Lunch are packed and eaten on the trail during the day. You will take lunch and dinner in the dining huts.
You should be in good enough shape to walk continuously throughout the day. Good overall fitness, flexibility, and healthy will ensure you trek safely and comfortably. Those with acute or chronic health conditions impacting their stamina, range of motion, coordination, or balance may have difficulty completing the trek. If you are in doubt about your own physical readiness, consult a physician well in advance of booking your trip! Please review our blog post (Training for Kilimanjaro).
The best scenario is to acclimatize slowly. The 5 day trip up Kilimanjaro is a fairly rapid ascent and trekkers should report any problems to their guide. Common symptoms of mountain sickness include headaches and cough.
It may seem counter-intuitive, but your skin is in more danger of sun damage on the mountains than while at the beach! The sun’s intensity increases dramatically as we rise in altitude, and fresh snow reflects exponentially more UV rays than does the sand. You will need to protect your skin with clothing and sunblock. A sunblock specifically for mountain conditions is recommended. If you wear prescription eyeglasses its recommend that you get your prescription fitted to sunglasses.
We take all possible precautions to proactively ensure the safety and wellness of our trekkers, but rest assured that our guides are trained and experienced in dealing with emergencies. Each guide is trained in first aid and is Wilderness First Aid Certified. In the case of altitude sickness, you will immediately be taken to a lower altitude. If necessary, your guide will utilize the park rescues services for immediate evacuation.
Yes, we ensure the travel safety of all our trekking guests, both male and female. We have longstanding, strong relationships with the lodges we frequent, and know them to be safe and reliable. In addition our guides are consistently mindful of all guests' whereabouts while trekking. We travel in small groups, all the better to easily maintain continual contact.
Please see our complete packing list. You can rent gear once you reach Moshi but it tends to be expensive and the quality is not great. If you request beforehand we may be able to help you with some supplies free of charge.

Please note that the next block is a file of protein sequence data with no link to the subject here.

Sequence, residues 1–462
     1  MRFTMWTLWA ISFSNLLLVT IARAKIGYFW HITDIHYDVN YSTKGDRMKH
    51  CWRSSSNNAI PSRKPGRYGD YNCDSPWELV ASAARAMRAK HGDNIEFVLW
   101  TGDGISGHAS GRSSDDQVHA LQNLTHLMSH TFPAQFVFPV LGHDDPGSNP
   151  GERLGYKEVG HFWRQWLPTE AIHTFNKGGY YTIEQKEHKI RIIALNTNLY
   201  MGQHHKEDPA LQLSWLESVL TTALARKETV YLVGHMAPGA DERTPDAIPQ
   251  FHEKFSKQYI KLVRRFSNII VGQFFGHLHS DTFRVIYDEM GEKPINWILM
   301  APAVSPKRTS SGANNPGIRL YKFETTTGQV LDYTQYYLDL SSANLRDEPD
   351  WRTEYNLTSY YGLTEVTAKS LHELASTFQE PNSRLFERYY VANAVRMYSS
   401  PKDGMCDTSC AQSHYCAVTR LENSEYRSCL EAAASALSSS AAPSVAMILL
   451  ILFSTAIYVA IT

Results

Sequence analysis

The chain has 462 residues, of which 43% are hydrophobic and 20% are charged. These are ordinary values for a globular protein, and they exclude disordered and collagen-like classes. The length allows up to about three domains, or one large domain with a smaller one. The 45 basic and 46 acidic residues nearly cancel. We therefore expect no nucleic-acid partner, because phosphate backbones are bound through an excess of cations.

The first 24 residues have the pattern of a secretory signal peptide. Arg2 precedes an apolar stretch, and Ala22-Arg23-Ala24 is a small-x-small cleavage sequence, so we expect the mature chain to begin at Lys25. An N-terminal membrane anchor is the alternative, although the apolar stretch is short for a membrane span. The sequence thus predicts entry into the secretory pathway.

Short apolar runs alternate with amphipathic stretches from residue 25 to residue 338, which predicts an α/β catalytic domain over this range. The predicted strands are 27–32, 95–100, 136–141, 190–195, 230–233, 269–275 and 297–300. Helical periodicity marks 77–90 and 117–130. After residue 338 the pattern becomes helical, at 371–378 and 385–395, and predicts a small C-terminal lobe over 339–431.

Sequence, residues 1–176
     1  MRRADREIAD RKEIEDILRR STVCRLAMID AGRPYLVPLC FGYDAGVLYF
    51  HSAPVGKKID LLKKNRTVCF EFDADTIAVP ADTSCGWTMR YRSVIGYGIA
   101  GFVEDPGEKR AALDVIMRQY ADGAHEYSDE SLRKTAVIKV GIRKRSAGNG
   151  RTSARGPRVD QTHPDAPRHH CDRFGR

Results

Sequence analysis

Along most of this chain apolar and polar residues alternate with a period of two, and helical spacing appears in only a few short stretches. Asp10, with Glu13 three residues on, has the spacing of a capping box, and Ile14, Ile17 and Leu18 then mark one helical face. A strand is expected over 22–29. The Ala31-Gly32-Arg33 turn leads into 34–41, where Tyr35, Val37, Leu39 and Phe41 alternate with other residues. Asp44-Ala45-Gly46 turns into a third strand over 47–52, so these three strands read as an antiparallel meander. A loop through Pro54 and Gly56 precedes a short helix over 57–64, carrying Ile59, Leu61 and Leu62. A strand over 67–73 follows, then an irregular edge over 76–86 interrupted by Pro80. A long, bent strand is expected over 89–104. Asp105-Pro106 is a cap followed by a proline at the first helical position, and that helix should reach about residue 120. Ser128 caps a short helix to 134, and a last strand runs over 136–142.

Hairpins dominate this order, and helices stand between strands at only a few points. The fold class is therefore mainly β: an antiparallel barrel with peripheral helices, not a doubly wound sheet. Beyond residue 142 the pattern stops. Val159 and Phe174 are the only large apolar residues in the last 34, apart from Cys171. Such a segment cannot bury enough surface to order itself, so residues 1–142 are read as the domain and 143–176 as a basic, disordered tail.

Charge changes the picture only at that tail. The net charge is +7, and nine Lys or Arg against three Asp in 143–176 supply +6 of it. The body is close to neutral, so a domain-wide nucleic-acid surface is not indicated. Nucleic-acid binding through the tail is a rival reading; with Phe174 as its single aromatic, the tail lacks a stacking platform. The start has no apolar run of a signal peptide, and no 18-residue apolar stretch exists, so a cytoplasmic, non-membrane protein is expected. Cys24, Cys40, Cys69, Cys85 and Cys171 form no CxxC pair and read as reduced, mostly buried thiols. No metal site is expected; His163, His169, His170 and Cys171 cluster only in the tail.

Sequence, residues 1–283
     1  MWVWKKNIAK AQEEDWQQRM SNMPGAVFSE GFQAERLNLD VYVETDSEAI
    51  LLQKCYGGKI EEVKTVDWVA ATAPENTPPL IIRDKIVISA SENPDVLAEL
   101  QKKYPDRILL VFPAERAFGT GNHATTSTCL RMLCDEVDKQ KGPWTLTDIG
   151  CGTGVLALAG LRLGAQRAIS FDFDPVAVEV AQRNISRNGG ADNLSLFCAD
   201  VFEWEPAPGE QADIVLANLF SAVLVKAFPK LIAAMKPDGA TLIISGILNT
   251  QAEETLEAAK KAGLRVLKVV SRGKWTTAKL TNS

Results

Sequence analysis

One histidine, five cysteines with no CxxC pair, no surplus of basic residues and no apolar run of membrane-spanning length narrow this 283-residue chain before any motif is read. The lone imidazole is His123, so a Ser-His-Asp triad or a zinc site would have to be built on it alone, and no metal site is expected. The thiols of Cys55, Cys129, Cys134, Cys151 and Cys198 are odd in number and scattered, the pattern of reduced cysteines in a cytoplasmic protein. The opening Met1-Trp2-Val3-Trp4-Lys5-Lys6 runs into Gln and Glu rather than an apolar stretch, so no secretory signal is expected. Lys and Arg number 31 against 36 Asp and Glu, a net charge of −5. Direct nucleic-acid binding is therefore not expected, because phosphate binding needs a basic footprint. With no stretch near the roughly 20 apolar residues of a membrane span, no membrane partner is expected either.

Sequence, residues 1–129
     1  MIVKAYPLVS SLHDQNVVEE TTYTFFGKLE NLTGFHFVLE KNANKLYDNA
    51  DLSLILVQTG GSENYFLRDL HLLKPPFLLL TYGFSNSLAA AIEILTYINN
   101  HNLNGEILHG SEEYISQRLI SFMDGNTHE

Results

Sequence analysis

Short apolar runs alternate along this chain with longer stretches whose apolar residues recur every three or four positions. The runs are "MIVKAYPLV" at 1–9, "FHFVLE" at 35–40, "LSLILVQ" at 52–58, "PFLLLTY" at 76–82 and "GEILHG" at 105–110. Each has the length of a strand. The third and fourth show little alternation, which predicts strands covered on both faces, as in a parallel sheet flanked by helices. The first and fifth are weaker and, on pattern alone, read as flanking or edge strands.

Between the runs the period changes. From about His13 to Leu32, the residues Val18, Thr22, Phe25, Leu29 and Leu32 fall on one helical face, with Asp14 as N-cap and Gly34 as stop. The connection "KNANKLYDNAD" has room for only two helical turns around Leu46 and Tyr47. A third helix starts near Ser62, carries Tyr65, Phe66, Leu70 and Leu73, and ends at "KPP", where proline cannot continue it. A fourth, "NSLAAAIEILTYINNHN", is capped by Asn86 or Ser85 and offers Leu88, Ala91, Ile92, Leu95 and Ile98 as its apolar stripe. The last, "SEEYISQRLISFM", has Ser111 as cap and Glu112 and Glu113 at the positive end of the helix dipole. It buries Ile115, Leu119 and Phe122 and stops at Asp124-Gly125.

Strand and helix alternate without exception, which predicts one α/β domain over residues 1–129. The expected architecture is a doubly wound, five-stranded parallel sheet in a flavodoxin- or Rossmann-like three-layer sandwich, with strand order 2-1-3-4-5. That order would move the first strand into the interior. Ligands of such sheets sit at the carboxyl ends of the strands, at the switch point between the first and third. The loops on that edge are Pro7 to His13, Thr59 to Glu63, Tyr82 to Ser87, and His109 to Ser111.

A good pair of hiking boots are important for the final climb as they help to keep your feet warm and provide adequate ankle support. Tennis shoes are sufficient on the other days of the trek.
Porters on Kilimanjaro are allowed to carry 15Kg plus their own personal belongings.
Tipping is an important part of the culture in Tanzania. Please review our tipping guidelines.
Its not required to bring any money on the mountain and you can give tips at the hotel at the end of the climb. The hotel has a lock box where you can store valuables during the climb. Our treks are all-inclusive. We cover accommodation, food, park fees, permits, and many other costs, as a means of making your adventure as stress-free and convenient as possible. Once you get on the mountain there are no opportunities to spend any money.
Your guide should be able to arrange a phone call or to get a message relayed in the case of emergency. Don't expect any communication options although it is possible you will have cell signal in some locations.
Some climbers may actually finish the climb ahead of schedule and get back to Moshi early. Its also the case that sometimes climbers either have problems with altitude or decide to come down earlier for other reasons. If you do get back to Moshi early you are responsible to pay the costs for your extra hotel nights ($35 per/night) and meals. The reason behind this is that our costs are the same regardless of when you end the climb. So even if you are climbing less days than scheduled keep in mind that we have already paid the staff, purchased, food and rented gear for all the days you were supposed to be on the climb.
Please check our Terms and Conditions page.